Julia’s Bay Area credits include Top Girls at American Conservatory Theater, Escaped Alone, The Eva Trilogy, Fred’s Diner, A Lie of the Mind, and Visible from Four States at the Magic Theatre, The Events at Shotgun Players, and Gidion’s Knot at Aurora Theatre. She has also appeared at SF Playhouse, Marin Theatre Company, Porchlight Theatre, TheatreFirst, Center Rep, Pacific Alliance Theatre, Actors Theatre of SF, First Person Singular, and PlayGround (where she is a company member). New York and Los Angeles credits include Neena Beber’s Tomorrowland at Soho Rep, Requiem for a Heavyweight at the Kraine Theatre, and Days and Nights Within at the Whitefire Theatre (L.A.) Film and TV credits include The Unbelievable Truth, Flesh and Bone, Law & Order, and Law & Order: SVU. Julia was a founding member of The Echo Theater in Los Angeles and of the Obie Award-winning Cucaracha Theatre in New York. She is a guest artist at Tamalpais High’s internationally acclaimed Conservatory Theatre Ensemble. The book about her character creation technique, 5 Ways In to Character, will be available this summer. Julia is making her Berkeley Rep debut with Dana H. Facebook: juliamcnealarts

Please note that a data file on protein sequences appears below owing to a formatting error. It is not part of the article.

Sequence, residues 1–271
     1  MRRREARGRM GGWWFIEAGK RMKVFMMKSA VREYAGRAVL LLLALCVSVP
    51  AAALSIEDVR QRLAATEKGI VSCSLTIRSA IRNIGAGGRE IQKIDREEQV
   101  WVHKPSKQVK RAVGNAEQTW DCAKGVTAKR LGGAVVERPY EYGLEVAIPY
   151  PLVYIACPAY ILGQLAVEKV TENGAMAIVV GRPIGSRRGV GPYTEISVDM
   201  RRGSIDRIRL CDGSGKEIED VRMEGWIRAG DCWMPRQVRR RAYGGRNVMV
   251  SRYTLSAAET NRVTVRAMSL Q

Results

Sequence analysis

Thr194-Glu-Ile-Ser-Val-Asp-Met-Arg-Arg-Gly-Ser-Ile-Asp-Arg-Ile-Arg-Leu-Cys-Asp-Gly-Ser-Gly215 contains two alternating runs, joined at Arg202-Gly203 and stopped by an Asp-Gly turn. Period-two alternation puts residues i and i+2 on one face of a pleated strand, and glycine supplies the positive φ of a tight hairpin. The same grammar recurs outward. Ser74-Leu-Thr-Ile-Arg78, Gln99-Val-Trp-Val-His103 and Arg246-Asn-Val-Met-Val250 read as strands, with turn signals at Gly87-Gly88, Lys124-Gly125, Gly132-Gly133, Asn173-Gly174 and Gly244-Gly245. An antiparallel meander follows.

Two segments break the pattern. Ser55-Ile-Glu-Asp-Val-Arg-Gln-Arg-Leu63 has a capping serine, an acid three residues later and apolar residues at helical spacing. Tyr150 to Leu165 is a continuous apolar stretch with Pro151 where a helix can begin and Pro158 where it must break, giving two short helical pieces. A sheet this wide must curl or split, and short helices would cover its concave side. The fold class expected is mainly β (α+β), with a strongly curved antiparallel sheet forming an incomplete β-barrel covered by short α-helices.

Photo by Amanda Parker
Matt Ross produced this season’s Pass Over, Is This a Room, and Dana H. on Broadway. Matt also produced the Tony-nominated Broadway engagement of Heidi Schreck’s What the Constitution Means to Me, its national tour, and live capture film for Amazon. He is the founder of Matt Ross Public Relations, an agency representing a broad spectrum of theatre productions and entities in New York and beyond. Matt serves as board chair for the Brooklyn-based theatre company The TEAM and on the board of governors of the Association of Theatrical Press Agents and Managers (ATPAM). Love and gratitude to Alyssa and Sydney.
Broadway: Dana H., Is This a Room, Tootsie (Tony nomination), Meteor Shower, The Heidi Chronicles, Annie (Tony nomination). Off-Broadway: Gloria: A Life, Small Mouth Sounds. West End: Curtains. Next up: the first revival of the Tony Award-winning Gershwin musical Crazy for You. Currently represented elsewhere on Broadway and on the road with investments in Six, Funny Girl, Jagged Little Pill, Dear Evan Hansen, The Book of Mormon, and Hamilton, Sally is a member of the Broadway League and serves on the board of the Vineyard Theatre in NYC, and the David Geffen School of Drama at Yale. She is also the co-host of “This is Reality,” the podcast about Reality Winner, the subject of Is This a Room. @sallyhorchow HorchowProductions.com